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Willamette’s Class of 2012, the most recent for which data is available, had the highest rate of graduates employed in long-term, full-time jobs within nine months of graduation of any law school in the Pacific Northwest. In addition, Willamette has more graduates from the Class of 2012 in jobs requiring a JD and in jobs where a JD is an advantage than any other law school in Oregon and the second-highest in the Pacific Northwest.
EMPLOYMENT RATES Five-year Averages, 2007–2011
WHERE OUR LAW GRADUATES PRACTICE Willamette graduates practice law
across Oregon and beyond — from Washington, D.C., to Washington
Public Interest/ Academia/Other 8%
state. Most Willamette graduates choose careers in private practice. Graduates working in government,
Business/ Industry 14%
including judicial clerkships and the military, attract the second largest group. Business and industry make
up the third largest group. During the past five years, Willamette’s
Private Practice 58%
graduating law classes have
For complete American Bar Association and NALP 2010–12 employment reports, visit our website: willamette.edu/wucl/ careers/statistics.html
reported an average employment rate of 88 percent within nine months of graduation.
CLASS OF 2012 79.2 PERCENT of all graduates have a full-time, long-term job. 72 PERCENT of all graduates have full-time, long-term jobs or jobs that require a JD or in which a JD is an advantage.
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“The alumni network is really strong. I don’t think I’ve met anyone who’s not been willing to give their advice or time to a student. The upper-class students want to mentor and want me to be successful, and it makes a huge difference to have that community feel.” ANDREA TANG, 3L JD/MBA candidate
Willamette University College of Law maintains an active Placement Office, which provides comprehensive career coaching and advising for our students and alumni. The Placement Office connects students to attorneys in traditional practice, government, nonprofits and alternative careers as well as helping students identify the skills and tools needed for a lifetime of successful career development. The Placement Office provides extensive professional development opportunities from the “nuts and bolts” of a legal job hunt to networking opportunities with attorneys through professional events and the Attorney-Mentor Program. An allday Career & Professional Development “Boot Camp” in January helps firstyear students begin that professional development. But more importantly, first year students can meet one-on-one with Career Center coaches/advisors to create an individual plan to help students make the most of their three years at Willamette and their professional development opportunities. Students also can gain practical experience and skills through the Pro Bono Honors Program, the Externship Program and the De Muniz Pine Street Project that serves residents transitioning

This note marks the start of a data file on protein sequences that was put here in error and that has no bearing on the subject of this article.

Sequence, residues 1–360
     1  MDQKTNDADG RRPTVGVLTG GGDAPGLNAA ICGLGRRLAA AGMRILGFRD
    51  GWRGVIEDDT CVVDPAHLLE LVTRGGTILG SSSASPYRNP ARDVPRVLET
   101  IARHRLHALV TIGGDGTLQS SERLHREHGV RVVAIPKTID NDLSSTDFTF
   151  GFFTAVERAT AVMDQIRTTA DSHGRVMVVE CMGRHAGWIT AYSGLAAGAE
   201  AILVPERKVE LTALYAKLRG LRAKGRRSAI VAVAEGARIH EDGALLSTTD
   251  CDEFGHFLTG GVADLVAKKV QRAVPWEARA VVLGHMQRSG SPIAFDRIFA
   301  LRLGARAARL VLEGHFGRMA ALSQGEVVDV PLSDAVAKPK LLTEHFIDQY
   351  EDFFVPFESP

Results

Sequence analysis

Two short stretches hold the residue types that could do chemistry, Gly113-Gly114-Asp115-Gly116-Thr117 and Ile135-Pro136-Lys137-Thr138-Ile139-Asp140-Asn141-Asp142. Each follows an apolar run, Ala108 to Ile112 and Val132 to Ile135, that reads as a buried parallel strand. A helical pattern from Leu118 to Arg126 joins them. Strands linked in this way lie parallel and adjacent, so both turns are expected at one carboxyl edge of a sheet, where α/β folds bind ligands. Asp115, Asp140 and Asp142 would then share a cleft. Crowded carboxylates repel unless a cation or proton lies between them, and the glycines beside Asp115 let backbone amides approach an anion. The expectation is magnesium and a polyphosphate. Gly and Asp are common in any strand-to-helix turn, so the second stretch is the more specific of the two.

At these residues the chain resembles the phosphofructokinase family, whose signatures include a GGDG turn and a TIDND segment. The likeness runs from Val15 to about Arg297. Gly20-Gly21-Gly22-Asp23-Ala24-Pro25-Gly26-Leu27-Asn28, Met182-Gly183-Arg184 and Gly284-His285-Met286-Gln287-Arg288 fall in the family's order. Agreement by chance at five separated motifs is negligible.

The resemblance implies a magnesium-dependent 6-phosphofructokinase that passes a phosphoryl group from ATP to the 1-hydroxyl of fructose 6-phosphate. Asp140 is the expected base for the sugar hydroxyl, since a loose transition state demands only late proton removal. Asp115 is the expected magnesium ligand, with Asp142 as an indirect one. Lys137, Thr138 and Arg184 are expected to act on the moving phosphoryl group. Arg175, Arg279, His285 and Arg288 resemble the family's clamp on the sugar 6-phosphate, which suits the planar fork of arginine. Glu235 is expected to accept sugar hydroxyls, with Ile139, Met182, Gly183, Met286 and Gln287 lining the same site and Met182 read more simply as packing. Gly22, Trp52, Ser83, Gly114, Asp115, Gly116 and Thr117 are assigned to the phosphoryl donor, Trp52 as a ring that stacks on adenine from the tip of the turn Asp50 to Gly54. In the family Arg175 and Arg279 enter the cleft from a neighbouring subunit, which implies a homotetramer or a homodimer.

ATTORNEY-STUDENT MENTOR PROGRAM Willamette’s College of Law has one of the longest-running and most robust practitioner-student mentor programs in Oregon. Our Mentor Program pairs first-year students with more than 150 lawyers and judges in the region, who serve as mentors throughout the students’ three years of study at the College of Law. The program enables students to form a personal relationship with an active legal professional and gain invaluable advice on the practice of law. The mentor relationship serves as the first building block in a rich network of connections students will make throughout their legal careers.